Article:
Making facts fun and nonpartisan
It likely will come as no surprise that in the last decade, trust in journalists and members of the press has declined greatly. In wanting to seek understanding about people’s feelings toward the press, I’ve taken to my personal social media over the last six months or so. I asked my friends, relatives, and old acquaintances a few questions regarding political polarization, including what their greatest source of frustration is regarding the press. To my fascination, there was one answer I received that struck similarly across the political spectrum: They felt the news was biased, and for that reason, they didn’t know who to trust.
That exact sentiment was that reason Sharon McMahon, Duluth resident and recent Instagram megastar, began posting fact checks regarding government on her Instagram account @sharonsaysso. The former government teacher had seen a friend post something on social media that was factually inaccurate, and McMahon wanted to correct that falsehood — but in a Minnesota nice way (and not in the passive aggressive style, either) .
McMahon has always been interested in politics since she was a child, she said. She attended the University of Minnesota–Duluth where she was the president of the political science association, and has been a high school government teacher in St. Paul, the Bay Area, and finally a Maryland suburb of Washington, D.C. After being laid off, her family returned to Duluth where she began a business as a photographer — which has primarily been the focus of her Instagram account … until last fall when she saw those factual inaccuracies.
As she saw misinformation spread, she decided to take to her own Instagram account to spread facts in kindness and, most importantly, in a nonpartisan fashion. And because of that, her account has become so popular she now boasts over half a million followers on the platform and has made several appearances on nationally televised shows.
Her account has become a safe-haven for thousands of people across the country who want to know if what they hear from politicians, pundits, or their uncle is fact or fiction. And they want to know why those things may or may not be true. She gets hundreds of questions from her followers — dubbed “Governerds” — each day, often asking her to explain parts of government/politics and using the acronym LIFT (like I’m 5, thanks). McMahon answers dozens of them each day in a simple straightforward fashion — no gimmicks, no slant. I’ve learned new facts about government, and have found having her account handy is helpful as I navigate my own consumption of news. Her Instagram account is what the people have been craving: someone who will tell them the facts with no spin.
And while that fact-based nonpartisan approach has been what’s brought most people to her account, it’s also her personality that resonates with people. Do you remember when you were in school, being so excited for a particular class because of a favorite teacher and how you loved how they connected with you? The ones who laugh at their own self-deprecating jokes, bring in treats to share and go that metaphorical extra mile to connect with their students? McMahon is that teacher, just online. From references to an odd-looking stuffed chicken she received as a gift from her mother-in-law, to sharing her love of whales and bald eagle cams, and even her excitement over sharing some strange facts about Lake Superior or Minnesota while breaking out her thick Minnesotan accent, it’s apparent that she’s become America’s favorite government teacher. She makes learning fun, and for something as complex as government, it makes the learning experience that much more enjoyable.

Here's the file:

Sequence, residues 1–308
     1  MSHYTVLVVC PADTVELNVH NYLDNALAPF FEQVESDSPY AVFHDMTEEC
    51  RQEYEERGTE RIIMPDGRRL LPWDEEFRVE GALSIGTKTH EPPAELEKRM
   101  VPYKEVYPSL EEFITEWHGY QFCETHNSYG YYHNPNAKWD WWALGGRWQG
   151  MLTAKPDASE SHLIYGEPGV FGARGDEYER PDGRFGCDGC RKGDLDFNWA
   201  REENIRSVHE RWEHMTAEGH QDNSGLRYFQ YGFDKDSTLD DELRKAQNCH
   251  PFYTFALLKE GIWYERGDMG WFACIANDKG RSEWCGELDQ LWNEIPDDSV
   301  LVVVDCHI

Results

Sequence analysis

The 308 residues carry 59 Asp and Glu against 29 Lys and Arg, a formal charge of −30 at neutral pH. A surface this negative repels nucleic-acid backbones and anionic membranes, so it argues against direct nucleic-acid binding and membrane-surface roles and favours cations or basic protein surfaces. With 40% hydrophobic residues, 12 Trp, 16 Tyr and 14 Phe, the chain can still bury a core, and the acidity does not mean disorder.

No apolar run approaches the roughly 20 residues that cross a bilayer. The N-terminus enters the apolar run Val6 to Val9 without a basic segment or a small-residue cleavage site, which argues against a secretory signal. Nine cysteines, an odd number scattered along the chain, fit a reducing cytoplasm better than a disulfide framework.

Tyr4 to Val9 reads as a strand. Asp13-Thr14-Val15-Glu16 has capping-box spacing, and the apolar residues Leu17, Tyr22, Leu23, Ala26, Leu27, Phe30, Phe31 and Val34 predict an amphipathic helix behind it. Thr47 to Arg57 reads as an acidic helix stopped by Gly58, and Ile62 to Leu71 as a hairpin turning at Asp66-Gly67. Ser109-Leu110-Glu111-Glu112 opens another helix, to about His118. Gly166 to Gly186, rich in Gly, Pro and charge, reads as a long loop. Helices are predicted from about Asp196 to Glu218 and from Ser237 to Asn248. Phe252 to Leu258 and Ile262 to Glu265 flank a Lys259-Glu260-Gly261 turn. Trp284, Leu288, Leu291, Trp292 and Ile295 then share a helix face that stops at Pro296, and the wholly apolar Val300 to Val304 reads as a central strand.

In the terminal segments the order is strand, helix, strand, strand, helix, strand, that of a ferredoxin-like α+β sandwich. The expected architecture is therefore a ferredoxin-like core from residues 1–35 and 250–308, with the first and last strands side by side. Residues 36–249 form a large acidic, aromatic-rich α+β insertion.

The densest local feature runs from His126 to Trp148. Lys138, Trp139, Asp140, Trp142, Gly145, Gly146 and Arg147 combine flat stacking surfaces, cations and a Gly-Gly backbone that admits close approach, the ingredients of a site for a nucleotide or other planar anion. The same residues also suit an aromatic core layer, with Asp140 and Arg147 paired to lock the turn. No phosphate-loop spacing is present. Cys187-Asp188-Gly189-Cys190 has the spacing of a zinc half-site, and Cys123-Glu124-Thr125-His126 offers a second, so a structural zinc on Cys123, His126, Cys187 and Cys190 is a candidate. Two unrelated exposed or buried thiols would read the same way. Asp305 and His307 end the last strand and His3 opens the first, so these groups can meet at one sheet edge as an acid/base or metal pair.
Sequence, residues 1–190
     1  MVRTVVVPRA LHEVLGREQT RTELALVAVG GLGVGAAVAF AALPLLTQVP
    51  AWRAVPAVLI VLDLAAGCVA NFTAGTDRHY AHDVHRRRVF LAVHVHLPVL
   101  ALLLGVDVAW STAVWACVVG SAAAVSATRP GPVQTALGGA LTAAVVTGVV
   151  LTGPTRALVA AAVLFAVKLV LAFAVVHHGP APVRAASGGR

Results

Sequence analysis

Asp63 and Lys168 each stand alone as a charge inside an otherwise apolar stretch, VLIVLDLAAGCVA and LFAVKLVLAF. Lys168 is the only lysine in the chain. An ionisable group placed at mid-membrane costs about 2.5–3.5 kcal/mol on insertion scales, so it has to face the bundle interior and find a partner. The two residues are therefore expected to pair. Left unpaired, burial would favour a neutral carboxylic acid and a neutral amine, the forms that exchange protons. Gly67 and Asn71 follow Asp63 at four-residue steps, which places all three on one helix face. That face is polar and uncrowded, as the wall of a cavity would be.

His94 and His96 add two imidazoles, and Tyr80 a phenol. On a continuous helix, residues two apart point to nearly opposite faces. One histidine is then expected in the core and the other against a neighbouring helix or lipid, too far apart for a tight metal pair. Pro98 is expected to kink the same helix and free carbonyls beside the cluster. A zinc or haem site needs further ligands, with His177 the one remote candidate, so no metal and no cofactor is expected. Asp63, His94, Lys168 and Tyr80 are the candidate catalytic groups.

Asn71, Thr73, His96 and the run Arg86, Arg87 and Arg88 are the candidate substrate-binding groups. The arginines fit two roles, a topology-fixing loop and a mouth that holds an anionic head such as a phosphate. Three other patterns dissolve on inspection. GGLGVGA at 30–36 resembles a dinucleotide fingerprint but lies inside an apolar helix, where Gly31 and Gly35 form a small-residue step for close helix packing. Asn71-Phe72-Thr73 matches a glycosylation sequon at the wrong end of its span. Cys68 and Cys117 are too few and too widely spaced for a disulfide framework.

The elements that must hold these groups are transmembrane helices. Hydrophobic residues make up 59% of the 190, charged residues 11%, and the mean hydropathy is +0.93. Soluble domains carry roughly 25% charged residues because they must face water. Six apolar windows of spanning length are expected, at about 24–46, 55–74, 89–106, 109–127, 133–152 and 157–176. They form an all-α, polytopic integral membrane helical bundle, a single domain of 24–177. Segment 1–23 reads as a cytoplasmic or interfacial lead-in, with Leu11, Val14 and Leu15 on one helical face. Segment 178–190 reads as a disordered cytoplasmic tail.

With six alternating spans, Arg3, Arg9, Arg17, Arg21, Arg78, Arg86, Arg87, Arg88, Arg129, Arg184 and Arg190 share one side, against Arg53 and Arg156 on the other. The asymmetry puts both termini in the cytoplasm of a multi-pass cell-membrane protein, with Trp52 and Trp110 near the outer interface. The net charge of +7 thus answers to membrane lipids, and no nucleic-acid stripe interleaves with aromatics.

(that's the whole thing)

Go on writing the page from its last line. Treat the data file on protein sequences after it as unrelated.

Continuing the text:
If Instagram isn’t for you, McMahon is also making a presence in several other areas of teaching. She’ll be releasing a podcast, “Government for Grownups,” in May, is working on a book, and — most accessible right now to the public — has immersed herself once again in her first love: teaching government, this time through her Government for Grownups workshops. Each month she tackles a subject regarding the government or politics, and, well, explains how it works in a virtual lecture, after which McMahon will spend multiple hours answering questions from her attendees. For the month of March, she tackled how the judicial process works.
In addition, she also has done a similar workshop-style “deep dive” in which she tackled the hot topic of abortion — again, without a slant, without the purpose of trying to change views, but with the purpose of educating people about the issue from the perspective of how it fits into the government.
Any workshop or deep-dive replay is available on her website at sharonmcmahon.com.
And what’s amazing is that those workshops are extremely reasonably priced, and, on top of that, while they do have a suggested price, are also based on donation. If one cannot afford the suggested $10 for a workshop, you can pay just half that amount. If one can afford more than the suggested donation of $10 per workshop, one is able to pay more to help subsidize those who cannot afford the workshop. (Most replays, however, are currently $12.99 at a firm price.)
My hope, as a journalist, isn’t that you think like me or that you vote like me. My hope, as a journalist, is that you have all the necessary information to come to a well-informed opinion. McMahon does just that.